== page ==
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This is a followup to function that returns a dict whose keys are the names of the input arguments, which I learned many things (paraphrased):

  • Python objects, on the whole, don't know their names.
  • No, this is not possible in general with *args. You'll have to use keyword arguments
  • When the number of arguments is fixed, you can do this with locals
  • Using globals(). This will only work if the values are unique in the module scope, so it's fragile
  • You're probably better off not doing this anyway and rethinking the problem.

The first point highlighting my fundamental misunderstanding of Python variables. The responses were very pedagogic and nearly instantaneous, clearly this is both a well-understood yet easily confused topic.

Since I'd like to learn how to do things proper, is it considered bad practice to create a dummy class to simply hold the variables with names attached to them?

class system: pass
S = system ()
S.T = 1.0
S.N = 20
S.L = 10

print vars(S)

This accomplishes my original intent, but I'm left wondering if there is something I'm not considering that can bite me later.

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I still don't get what your actual aim is. The Python data structure for "values with names" is a dictionary: dict(T=1.0, N=20, L=10). There are cases where some people prefer namespace objects like the one you used, but without more context, it is hard to give recommendations. –  Sven Marnach Mar 6 '12 at 15:40
Am I missing something? What does that give you that dictionaries don't? –  Paolo Bergantino Mar 6 '12 at 15:41
@PaoloBergantino: As an example, argparse uses such namespace objects because sometimes it is more convenient to access attributes via S.T than the more noisy S["T"]. –  Sven Marnach Mar 6 '12 at 15:43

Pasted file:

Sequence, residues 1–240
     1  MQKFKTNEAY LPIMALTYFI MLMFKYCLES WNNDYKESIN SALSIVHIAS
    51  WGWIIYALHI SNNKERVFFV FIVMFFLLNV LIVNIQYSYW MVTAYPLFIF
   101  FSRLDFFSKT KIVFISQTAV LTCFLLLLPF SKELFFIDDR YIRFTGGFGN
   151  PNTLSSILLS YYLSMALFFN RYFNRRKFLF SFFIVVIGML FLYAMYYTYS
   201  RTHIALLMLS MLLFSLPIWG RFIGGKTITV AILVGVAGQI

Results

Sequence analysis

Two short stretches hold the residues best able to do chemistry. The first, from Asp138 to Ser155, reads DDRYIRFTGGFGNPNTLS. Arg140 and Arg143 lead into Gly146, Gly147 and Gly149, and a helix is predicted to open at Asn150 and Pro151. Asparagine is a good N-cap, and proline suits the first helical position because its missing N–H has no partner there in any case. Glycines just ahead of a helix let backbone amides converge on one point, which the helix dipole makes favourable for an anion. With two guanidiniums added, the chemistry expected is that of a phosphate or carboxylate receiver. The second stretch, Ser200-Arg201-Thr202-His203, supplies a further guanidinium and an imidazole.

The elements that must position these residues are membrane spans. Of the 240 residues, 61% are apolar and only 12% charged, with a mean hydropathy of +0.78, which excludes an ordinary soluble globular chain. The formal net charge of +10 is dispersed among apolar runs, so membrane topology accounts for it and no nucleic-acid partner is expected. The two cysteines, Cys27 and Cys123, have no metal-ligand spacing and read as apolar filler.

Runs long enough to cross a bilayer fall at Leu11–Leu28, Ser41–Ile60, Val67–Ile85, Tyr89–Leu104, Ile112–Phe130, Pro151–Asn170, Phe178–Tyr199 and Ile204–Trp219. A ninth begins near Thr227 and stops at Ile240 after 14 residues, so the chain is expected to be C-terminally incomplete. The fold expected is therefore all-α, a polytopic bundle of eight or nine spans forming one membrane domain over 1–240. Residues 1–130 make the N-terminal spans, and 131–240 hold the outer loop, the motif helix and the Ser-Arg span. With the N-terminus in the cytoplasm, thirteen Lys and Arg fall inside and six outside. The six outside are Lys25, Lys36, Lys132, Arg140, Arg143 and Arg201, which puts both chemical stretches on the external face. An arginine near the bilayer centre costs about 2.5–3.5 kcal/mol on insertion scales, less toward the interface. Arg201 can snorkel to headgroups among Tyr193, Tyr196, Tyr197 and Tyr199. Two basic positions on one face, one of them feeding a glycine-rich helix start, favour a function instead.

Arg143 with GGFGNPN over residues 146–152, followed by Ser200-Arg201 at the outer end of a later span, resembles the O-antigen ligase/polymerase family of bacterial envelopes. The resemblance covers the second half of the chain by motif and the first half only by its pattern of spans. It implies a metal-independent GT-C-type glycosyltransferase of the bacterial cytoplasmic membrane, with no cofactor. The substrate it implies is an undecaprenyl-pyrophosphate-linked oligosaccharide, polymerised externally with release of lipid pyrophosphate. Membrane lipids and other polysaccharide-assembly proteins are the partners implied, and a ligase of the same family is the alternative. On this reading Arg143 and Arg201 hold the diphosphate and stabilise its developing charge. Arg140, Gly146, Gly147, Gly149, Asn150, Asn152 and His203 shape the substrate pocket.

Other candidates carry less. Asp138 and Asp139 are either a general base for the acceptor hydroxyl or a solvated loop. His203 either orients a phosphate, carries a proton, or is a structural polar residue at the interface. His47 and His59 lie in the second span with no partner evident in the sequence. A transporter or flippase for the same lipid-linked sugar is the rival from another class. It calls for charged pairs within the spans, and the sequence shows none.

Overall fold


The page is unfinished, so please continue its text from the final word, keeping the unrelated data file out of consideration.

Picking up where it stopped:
2 Answers 2

up vote 3 down vote accepted

I do it as a homage to Javascript, where you don't have any distinction between dictionaries and instance variables. I think it's not necessarily an antipattern, also because differently from dictionaries, if you don't have the value it raises AttributeError instead of KeyError, and it is easier to spot typos of the name. As I said, not an antipattern, provided that

  1. the scope of the class is restricted to a very specific usage
  2. the routine or method you are calling (e.g. vars in your example) is private in nature. I would not want a public interface with that calling semantics, nor I want it as a returned entity
  3. the name of the "dummy" class is extremely clear in its intent and the kind of aggregate it represents.
  4. the lifetime of that object is short and uneventful. It is just a temporary bag of data.

If these constraints are not respected, go for a fully recognized class with properties.

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you can do that, but why not use a dictionary?

but if you do that, you're better off passing keywords args to the class's constructor, and then let the constructor copy them to the app's members. something like:

class Foo(object):

    def __init__(self, **kwargs):
share|improve this answer
You can also make do without copying: self.__dict__ = kwargs. –  Sven Marnach Mar 6 '12 at 15:46
Does this require you to know all the input arguments at the time of the construction? What does this gain over adding a member with S.x? –  Hooked Mar 6 '12 at 15:47
@SvenMarnach yeah, but then you can't add any methods to the class like a custom __repr__ –  Not_a_Golfer Mar 6 '12 at 15:48
@Hooked it's just less lines of code and less code to write. you can do both if you like. –  Not_a_Golfer Mar 6 '12 at 15:49
@SvenMarnach you're right, it won't override it, unless you pass an argument called __repr__ :) my bad –  Not_a_Golfer Mar 6 '12 at 15:57

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